The demise of Cincinnati's subway is one of the
missed opportunities in the city's history. While the subway and
Rapid Transit Loop would likely have done little to boost population,
is no doubt it would have affected city physically and culturally in
positive ways. We can be certain that the route of I-75, I-71,
and the Norwood Lateral could not have been built as they exist today,
since they all occupy land that was graded or was planned to be
utilized by the transit loop. Under Schme IV, land where Ft.
Washington Way and the 3rd St. Viaduct now stand was planned for a
viaduct connecting the subway's portal at 3rd & Walnut and Mt.
Also, with the underground passage built at the Race
and the elaborate passages planned for the never-built Fountain Square
station, it is possible that the the city would have developed a
of underground connections similar to Philadelphia's, and the
Skywalk, which was built in the 1970's and 80's, would have been
Additionally, had the proposed downtown trolley loop
been built, it would
have been among the most unusual pieces of transit infrastructure in
world, and after such as large capital investment and assuming that it
could not be converted for diesel buses, we can be sure that a system
perhaps more elaborate than Boston's Green Line trolley subway would
still be in operation.
The eastern half of the line would have paralleled the river uphill from Columbia Parkway,
providing one of the most dramatic views from any transit line in the United States.
[Jake Mecklenborg November 2004]
A tour of the two mile tunnel today, as one might expect, is a surreal experience. As the tubes are just below street level, the sounds of automobiles, police sirens, and even sidewalk conversations can be heard through the vents, and the tunnels have that musty "subway smell". Surprisingly, the 80 year old tunnels and stations, while certainly not modern, do not look exceptionally old. The expected major cracks, fallen chunks, and dripping water are rarely seen. If the excessive dust was swept off the floor and lighting installed, the general appearance would hardly differ from a typical underground parking garage. It doesn't take an expert to see that the subway was built to last 100 years, and will probably last quite a while longer than that.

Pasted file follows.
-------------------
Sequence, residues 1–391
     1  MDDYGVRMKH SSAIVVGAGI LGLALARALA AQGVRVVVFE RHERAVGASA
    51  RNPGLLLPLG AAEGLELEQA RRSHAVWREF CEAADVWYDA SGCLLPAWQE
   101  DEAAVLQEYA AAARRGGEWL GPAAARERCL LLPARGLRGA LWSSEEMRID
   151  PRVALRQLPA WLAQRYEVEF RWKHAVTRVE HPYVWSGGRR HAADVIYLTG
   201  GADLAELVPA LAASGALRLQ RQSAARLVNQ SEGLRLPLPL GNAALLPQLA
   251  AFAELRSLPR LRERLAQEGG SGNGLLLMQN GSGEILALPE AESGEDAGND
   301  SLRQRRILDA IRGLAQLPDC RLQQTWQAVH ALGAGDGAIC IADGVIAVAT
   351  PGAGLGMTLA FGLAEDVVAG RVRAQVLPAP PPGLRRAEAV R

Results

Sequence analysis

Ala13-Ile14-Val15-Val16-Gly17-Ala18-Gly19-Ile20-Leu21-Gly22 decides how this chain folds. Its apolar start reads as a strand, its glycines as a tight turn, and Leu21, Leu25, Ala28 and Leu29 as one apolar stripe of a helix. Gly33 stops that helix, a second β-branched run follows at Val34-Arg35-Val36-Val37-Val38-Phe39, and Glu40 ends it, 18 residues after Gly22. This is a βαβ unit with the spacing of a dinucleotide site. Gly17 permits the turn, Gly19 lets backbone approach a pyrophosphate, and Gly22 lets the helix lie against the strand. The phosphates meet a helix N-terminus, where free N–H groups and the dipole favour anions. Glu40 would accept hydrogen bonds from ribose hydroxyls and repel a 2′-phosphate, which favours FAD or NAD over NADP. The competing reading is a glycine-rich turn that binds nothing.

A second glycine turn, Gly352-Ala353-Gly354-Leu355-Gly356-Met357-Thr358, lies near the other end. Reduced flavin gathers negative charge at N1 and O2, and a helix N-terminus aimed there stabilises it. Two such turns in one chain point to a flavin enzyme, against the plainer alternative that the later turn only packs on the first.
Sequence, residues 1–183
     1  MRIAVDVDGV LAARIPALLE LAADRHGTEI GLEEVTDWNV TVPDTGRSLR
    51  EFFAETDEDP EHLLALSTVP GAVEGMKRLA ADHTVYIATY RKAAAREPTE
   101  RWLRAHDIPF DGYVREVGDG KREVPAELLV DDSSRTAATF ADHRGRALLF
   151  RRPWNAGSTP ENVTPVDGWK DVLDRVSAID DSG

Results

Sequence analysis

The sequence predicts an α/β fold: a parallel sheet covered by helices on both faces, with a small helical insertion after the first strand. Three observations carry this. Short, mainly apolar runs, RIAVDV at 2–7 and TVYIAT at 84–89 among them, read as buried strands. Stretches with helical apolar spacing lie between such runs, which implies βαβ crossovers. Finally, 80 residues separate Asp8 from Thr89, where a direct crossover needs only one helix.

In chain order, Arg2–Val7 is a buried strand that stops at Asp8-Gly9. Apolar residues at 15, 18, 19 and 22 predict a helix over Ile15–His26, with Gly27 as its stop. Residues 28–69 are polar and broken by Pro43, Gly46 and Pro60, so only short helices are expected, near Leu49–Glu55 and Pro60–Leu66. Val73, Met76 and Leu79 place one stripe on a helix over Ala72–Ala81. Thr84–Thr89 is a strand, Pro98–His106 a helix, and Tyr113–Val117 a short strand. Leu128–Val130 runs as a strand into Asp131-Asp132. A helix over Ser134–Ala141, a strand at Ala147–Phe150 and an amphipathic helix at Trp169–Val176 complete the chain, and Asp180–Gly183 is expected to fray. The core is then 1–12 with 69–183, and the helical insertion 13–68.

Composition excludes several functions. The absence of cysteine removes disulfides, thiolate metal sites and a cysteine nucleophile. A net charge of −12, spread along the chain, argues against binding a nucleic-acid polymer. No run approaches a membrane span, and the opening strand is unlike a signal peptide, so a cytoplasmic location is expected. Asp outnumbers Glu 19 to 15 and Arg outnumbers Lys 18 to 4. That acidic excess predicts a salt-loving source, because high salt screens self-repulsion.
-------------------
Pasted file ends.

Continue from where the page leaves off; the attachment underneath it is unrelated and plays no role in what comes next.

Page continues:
As of this writing in spring 2000, official permission to tour the subway is granted by Prem Garg at city hall, who can be reached at (513) 352-5216. The Cincinnati Historical Society periodically also gives official tours and slide lectures, so call the Cincinnati Historical Society to sign up for the next one, assuming they are having another one. Be warned though, as the last tour was $50 for non-members.
Update 5/17/04: The
organization Cincinnati Tomorrow now operates periodic public
Visit their site at www.cincinnatitomorrow.com.
Cincinnati Tomorrow is no longer organizing tours.
Do not email me asking who is.
I don't know.
Digital Camera update:
Photographing the Subway
If you have the opportunity to tour the subway and want to take photographs, it is essential that an attachable flash is used -- the wimpy flashes on point-and-shoot cameras just won't get the job done. For the photos seen on this web page, I used a typical SLR with a typical attachable flash, and Kodak Royal Gold 100 speed (this film has since been discontinued, but any 100 speed film will work fine), and 28mm lens. You don't need a tripod and you don't need 400 or 1000 speed film. The beams from flash lights won't show up when a photo is taken, so don't worry about that either. I also suggest either using a manual focus camera or putting an AF lens in manual mode, because in the subway the focus will always be close to infinity.
Brighton Station Photos
Linn St. Station Photos
Liberty St. Station Photos
Race St. Station Photos
Hopple St. Tunnel
1950's Photo Tour
Early Subway Plans and Diagrams